China Passes “Abusive” Cybersecurity Law to Strengthen Beijing’s Censorship Regime

Rafia Shaikh
China passes controversial cybersecurity law

China has passed a controversial cybersecurity law on Monday to combat growing threats of hacking and terrorism, Beijing said. However, the law has triggered concerns in trade associations in the US and other countries that it will further strengthen the country's censorship regime and affect foreign trade.

China is known for its strict censorship policies. But, this week's legislation has provoked criticism from the business and rights groups. Critics believe the law would make it more difficult for foreign tech companies to do business in the country. "Overseas critics of the law say it threatens to shut foreign technology companies out of various sectors deemed "critical", and includes contentious requirements for security reviews and for data to be stored on servers in China," Reuters reported.

The new cybersecurity law requires companies to improve their network defense systems and also demands for security reviews in what it calls the "critical" sectors. Foreign companies have said the law will harm trade, as the list of critical sectors covers a wide range of businesses, including telecom, transportation, and finance.

The legislation tightens China's already strict censorship program by holding companies accountable for any unapproved information that is spread through their platforms. Some of its provisions require companies to store data on servers located in China (similar to Russia). It also demands tech companies to offer "technical support" to security agencies in their criminal investigations. Tech companies criticize that the authorities may require them to disclose intellectual property, or worse, create backdoor access in order to continue doing business.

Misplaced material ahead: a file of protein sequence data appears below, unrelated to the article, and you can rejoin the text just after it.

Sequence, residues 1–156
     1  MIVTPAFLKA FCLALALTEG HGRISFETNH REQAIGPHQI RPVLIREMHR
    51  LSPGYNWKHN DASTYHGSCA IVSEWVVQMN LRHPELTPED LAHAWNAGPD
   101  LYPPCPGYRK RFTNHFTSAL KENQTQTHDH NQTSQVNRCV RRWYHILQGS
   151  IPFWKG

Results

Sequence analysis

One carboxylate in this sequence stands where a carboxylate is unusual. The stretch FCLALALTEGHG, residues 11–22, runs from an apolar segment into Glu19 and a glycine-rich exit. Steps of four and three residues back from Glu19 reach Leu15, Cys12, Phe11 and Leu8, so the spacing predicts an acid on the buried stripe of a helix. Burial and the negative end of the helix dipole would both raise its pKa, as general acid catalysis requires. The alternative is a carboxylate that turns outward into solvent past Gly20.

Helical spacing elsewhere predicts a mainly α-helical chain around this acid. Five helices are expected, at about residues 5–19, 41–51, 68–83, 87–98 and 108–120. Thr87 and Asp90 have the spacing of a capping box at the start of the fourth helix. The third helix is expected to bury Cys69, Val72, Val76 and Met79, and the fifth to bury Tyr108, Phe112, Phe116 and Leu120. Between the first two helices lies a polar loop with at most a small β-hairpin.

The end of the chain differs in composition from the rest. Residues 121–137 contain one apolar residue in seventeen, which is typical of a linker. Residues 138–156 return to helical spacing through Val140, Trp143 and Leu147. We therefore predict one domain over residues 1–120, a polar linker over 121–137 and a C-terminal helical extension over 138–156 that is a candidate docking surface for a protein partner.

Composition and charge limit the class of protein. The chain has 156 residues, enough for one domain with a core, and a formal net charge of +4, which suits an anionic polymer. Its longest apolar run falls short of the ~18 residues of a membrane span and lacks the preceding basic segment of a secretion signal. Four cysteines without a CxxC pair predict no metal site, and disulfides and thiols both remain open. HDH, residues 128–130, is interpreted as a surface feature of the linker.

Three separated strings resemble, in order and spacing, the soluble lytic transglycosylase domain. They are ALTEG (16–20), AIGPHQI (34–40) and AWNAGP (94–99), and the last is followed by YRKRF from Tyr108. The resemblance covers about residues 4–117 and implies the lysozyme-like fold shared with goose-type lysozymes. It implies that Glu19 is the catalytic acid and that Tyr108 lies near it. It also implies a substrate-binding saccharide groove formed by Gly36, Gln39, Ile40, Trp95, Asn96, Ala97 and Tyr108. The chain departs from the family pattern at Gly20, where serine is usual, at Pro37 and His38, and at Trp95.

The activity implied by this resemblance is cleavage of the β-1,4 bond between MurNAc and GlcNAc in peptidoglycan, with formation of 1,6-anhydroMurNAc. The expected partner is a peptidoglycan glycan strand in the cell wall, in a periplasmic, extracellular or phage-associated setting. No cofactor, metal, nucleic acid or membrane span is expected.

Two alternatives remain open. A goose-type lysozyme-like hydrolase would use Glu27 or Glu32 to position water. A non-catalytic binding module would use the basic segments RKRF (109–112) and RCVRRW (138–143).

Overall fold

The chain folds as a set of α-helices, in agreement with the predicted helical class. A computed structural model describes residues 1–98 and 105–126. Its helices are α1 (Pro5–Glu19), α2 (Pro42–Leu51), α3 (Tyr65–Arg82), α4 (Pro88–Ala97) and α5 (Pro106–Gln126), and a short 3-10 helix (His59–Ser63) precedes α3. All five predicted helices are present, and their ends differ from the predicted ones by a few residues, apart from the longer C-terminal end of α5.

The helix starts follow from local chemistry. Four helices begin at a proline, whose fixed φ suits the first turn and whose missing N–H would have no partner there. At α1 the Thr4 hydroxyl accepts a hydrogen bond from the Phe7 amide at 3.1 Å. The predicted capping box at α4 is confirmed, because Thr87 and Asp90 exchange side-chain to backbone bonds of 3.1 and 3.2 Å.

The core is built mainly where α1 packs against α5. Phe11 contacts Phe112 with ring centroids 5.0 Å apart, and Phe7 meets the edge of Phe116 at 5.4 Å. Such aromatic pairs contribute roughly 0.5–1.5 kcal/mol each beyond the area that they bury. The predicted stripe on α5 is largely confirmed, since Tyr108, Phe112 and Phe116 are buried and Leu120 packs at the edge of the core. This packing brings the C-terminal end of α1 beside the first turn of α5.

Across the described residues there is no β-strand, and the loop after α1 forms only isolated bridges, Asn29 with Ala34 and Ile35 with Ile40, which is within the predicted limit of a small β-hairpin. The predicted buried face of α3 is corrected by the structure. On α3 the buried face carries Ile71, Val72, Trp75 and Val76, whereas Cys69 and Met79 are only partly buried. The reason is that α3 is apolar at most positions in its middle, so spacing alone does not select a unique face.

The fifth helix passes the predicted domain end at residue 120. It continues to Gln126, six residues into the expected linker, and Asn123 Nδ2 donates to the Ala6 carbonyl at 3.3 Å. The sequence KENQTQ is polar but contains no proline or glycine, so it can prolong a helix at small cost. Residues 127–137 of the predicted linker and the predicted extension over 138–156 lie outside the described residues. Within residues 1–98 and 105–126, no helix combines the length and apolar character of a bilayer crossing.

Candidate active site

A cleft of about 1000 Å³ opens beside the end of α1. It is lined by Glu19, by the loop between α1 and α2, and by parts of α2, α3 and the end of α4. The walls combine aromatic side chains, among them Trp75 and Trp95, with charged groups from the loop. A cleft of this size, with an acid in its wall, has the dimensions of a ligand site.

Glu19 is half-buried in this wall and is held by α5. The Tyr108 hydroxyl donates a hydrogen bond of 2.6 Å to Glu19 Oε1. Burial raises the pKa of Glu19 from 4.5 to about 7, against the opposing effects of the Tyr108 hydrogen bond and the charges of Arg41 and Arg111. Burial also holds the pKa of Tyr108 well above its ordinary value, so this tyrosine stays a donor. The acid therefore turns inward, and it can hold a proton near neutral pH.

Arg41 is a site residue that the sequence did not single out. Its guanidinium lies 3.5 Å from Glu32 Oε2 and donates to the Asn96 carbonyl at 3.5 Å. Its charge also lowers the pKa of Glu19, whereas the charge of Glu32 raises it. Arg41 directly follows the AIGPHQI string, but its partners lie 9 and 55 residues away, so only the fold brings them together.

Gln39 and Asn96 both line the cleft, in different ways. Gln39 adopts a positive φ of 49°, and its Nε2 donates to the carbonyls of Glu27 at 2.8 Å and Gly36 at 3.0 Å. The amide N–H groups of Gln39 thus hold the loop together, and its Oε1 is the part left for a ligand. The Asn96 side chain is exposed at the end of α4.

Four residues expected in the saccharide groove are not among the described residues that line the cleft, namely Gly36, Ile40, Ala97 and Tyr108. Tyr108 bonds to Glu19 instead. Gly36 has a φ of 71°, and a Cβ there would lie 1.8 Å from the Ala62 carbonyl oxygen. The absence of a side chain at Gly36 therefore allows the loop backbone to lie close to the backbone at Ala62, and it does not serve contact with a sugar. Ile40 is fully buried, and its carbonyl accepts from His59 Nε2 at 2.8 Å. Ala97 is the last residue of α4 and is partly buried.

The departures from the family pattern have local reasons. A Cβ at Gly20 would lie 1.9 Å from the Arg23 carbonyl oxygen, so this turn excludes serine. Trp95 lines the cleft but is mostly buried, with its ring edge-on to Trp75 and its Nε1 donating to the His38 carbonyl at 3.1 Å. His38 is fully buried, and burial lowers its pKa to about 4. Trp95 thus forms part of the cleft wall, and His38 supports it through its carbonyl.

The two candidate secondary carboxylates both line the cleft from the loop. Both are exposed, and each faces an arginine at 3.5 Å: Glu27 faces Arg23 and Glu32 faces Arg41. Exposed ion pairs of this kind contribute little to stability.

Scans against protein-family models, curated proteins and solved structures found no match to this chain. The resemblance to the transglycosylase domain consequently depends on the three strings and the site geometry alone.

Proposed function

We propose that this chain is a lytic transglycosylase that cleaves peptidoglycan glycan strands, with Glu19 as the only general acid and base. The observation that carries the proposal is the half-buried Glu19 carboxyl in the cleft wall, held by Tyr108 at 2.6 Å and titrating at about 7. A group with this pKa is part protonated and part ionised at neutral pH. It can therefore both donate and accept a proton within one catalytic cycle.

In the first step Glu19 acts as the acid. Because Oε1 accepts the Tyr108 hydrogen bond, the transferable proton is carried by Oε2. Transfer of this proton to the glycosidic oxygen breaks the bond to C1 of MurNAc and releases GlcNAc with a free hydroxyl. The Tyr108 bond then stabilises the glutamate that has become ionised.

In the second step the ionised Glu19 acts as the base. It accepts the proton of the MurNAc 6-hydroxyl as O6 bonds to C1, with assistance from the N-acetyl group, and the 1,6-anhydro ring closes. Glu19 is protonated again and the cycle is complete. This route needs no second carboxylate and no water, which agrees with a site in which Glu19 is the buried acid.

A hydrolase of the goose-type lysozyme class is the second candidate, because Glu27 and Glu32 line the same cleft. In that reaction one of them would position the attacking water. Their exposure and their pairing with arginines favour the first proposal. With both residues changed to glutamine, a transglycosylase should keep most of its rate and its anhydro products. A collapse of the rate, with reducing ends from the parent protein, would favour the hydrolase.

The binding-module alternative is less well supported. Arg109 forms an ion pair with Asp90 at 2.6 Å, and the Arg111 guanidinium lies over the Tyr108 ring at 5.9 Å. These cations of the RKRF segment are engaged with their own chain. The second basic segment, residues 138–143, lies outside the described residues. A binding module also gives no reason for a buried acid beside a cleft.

Over 40 companies petitioned in August calling for the law to be amended. However, these provisions remain in the version passed this Monday. "Despite widespread international concern from corporations and rights advocates for more than a year, Chinese authorities pressed ahead with this restrictive law without making meaningful changes," Sophie Richardson, director Human Rights Watch (HRW) China, said in a statement.

"Heavily censored Internet in China needs more freedom, not less"

Rights advocates have said the law will enhance restrictions on China's Internet, which is already using the world's most sophisticated online censorship mechanism - also known as the Great Firewall. "The law will effectively put China's Internet companies, and hundreds of millions of Internet users, under greater state control," Richardson added.

But the government argues that the law is necessary to fight against growing online threats. "China is an internet power, and as one of the countries that faces the greatest internet security risks, urgently needs to establish and perfect network security legal systems," Yang Heqing, an official of the National People's Congress standing committee told Reuters.

The controversial legislation was passed on Monday and will go into effect in June 2017.

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